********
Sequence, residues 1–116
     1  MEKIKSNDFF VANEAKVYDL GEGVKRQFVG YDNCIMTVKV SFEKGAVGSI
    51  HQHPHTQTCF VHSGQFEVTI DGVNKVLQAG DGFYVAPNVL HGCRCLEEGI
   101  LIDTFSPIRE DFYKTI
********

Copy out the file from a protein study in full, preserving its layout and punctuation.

Sequence, residues 1–116
     1  MEKIKSNDFF VANEAKVYDL GEGVKRQFVG YDNCIMTVKV SFEKGAVGSI
    51  HQHPHTQTCF VHSGQFEVTI DGVNKVLQAG DGFYVAPNVL HGCRCLEEGI
   101  LIDTFSPIRE DFYKTI